So you either go, give it 100 percent, but if I'm still competitive on the main tours, trying to win a tournament on The European Tour or the PGA TOUR, trying to be the oldest guy to win a tournament and the possibility, I'd still dream about winning a major. The possibility of winning a major, I know if I want to win another major, I have to stick with the young guys and put myself under that pressure and stress and familiarity week-in, week-out.

It's a lot of things are up in the air. That's all I can say. Just see how the summer goes and how I feel about my game.

Q. You mentioned majors, your finish in the PGA TOUR, are you into The Open now?

PÁDRAIG HARRINGTON: Absolutely, I would be, anyway for The Open. Maybe after the PGA, because it was the style of golf course that we played, windy golf course, kind of played like a links golf course, gave me a little bit of extra confidence that given the right conditions and the right golf course, I can be very competitive with the game I have. I think over the last number of years, you feel a little bit on edge that you just need nearly an out-of-body performance in order to win a major tournament. But given the right golf course, I actually feel quite comfortable that I can do it within myself, and that's a nice place to be. You never want to feel like you need to have an extra special week. You just need to have your own good week.

Q. What do you think about coming back to Mount Juliet, will that help the confidence?

PÁDRAIG HARRINGTON: I do actually think we will have a great week. I know it's a limited number of fans, but the atmosphere of this golf course, Mount Juliet, lends itself really well to hosting a golf tournament. It has a nice atmosphere and there's always a nice buzz around the golf course. There's a couple of nice areas. It seems to be a very warm place. It's hot here today. But there's lots of little areas where the crowds can gather and create that sort of buzz and atmosphere.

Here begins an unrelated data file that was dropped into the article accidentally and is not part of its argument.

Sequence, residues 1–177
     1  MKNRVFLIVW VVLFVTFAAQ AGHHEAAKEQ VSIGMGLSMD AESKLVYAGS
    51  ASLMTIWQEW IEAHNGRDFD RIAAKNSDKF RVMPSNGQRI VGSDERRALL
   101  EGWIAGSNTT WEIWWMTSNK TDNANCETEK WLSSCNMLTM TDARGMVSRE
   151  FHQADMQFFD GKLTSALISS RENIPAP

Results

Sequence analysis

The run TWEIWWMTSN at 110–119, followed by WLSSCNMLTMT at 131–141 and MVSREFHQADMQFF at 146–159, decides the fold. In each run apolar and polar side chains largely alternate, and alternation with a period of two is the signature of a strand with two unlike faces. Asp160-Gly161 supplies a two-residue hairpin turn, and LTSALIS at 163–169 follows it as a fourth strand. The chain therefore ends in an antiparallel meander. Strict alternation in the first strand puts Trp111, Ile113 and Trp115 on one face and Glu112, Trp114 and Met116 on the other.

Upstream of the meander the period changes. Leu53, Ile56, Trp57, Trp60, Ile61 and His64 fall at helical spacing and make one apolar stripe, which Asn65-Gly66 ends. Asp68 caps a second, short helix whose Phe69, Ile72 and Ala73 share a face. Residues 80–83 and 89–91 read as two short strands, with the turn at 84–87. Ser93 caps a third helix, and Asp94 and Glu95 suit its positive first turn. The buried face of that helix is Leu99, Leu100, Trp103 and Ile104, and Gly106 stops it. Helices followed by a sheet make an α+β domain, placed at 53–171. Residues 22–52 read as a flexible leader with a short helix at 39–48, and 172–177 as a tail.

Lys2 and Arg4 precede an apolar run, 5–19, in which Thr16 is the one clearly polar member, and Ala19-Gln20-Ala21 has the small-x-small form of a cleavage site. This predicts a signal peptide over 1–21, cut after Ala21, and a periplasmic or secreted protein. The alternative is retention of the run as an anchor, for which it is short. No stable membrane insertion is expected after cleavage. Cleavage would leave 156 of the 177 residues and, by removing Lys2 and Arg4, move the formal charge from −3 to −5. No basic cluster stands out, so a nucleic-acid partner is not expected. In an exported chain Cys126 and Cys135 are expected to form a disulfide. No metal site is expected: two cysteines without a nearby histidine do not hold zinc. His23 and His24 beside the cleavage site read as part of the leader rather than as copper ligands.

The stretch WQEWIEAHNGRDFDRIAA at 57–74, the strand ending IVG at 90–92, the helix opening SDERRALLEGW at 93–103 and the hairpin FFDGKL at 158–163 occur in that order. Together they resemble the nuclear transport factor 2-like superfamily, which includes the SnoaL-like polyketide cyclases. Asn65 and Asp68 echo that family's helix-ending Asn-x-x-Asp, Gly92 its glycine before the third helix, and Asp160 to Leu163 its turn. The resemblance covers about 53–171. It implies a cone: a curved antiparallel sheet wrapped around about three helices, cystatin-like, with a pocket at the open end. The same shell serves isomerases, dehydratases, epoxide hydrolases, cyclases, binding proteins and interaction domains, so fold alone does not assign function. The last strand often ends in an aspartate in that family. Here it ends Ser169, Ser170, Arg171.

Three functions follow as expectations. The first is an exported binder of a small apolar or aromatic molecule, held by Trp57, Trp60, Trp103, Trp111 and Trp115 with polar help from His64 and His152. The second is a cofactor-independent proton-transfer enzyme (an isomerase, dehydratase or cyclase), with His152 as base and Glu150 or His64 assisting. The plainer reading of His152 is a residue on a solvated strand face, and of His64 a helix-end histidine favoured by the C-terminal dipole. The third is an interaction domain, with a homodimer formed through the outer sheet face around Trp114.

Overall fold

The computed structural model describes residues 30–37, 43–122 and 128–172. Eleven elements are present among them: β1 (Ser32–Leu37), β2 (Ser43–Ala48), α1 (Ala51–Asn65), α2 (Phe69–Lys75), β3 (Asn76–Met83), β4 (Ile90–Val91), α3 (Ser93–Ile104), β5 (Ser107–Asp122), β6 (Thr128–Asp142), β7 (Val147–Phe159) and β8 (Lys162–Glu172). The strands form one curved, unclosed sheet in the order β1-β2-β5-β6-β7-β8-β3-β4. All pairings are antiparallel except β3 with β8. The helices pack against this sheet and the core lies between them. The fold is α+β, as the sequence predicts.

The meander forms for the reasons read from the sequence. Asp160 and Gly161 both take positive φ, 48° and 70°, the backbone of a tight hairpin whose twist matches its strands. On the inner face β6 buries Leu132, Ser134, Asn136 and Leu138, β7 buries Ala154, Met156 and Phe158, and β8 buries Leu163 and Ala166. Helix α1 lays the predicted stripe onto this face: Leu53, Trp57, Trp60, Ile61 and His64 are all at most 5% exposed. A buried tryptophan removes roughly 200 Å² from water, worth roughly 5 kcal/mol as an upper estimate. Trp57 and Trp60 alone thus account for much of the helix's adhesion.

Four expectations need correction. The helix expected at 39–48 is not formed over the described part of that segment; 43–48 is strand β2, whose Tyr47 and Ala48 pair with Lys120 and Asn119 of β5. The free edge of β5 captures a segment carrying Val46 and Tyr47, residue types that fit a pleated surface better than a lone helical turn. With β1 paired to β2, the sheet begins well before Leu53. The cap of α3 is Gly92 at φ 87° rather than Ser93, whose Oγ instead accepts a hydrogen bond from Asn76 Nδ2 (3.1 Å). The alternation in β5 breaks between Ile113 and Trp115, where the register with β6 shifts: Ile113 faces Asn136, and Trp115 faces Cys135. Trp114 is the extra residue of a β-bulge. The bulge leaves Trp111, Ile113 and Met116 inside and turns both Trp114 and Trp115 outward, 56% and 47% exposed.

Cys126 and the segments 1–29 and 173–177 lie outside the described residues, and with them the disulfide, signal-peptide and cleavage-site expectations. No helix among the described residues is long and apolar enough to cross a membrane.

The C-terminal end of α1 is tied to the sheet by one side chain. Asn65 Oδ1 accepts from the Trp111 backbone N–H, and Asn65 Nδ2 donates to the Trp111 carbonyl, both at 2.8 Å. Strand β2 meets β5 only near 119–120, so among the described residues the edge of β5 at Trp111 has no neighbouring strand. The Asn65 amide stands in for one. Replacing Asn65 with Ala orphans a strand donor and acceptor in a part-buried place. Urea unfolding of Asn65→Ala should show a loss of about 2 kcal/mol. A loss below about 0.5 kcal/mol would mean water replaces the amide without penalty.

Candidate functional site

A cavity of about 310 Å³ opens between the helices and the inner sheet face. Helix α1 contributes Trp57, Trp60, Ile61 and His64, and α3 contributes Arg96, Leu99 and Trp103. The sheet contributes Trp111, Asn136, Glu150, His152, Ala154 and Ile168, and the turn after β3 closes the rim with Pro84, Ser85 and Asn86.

So I do think Mount Juliet is a great venue and I think we will appreciate this week. I think all of the players will appreciate the limited fans and everything that's put on here.

Q. Shane Lowry earlier suggested that the schedule of the Irish Open, the week after The Open it might have more players. Do you agree with that?

PÁDRAIG HARRINGTON: I know they have tried that. It's a difficult, difficult task these days to get the perfect -- the sweet spot when it comes to a tournament date. Yeah, they definitely tried the week after The Open. I'm pretty sure they have.

I personally liked the two links tournaments into The Open. That seemed to be a very good, made good sense, that sort of links run. Yeah, you know, it swings in roundabouts. A lot of people take the week off after The Open, a lot of people. So it's hard to know where the perfect date is. And that really is something for the tournament promotor and the European Tour to figure out where they can get the best date, the best players, and what will attract them. You know, individually players, I know Shane -- I think this is a good week for Shane. I know it's probably before his time but didn't we used to play The Irish Open after -- as a kid, before Shane's time, maybe ten years ago (laughs).

Yeah, look, it's up for the tournament to figure out the best dates and talk to the players about what works. I certainly like it in the date it's in, two weeks beforehand. It would suit it on a links golf course. That would give it a nice three-week run but the attraction of coming to a nice venue like Mount Juliet, I think for the main European Tour players, they would prefer to be here.

Q. You've been making the point for the past number of weeks, you wanted to be a competitive golfer as well as a Ryder Cup Captain. Is St. George's going to be a cutoff for that?

PÁDRAIG HARRINGTON: I think I've already had that cutoff in my head. Everything, as much as I'm here playing golf and trying to do a little bit of this and that, the first priority is The Ryder Cup and what goes with that. If something comes up for The Ryder Cup, that goes into the schedule first and everything fits around it. Maybe up till a month or two ago, I'd still be looking 50/50 at my own golf. Now, no, absolutely Ryder Cup first and my golf second.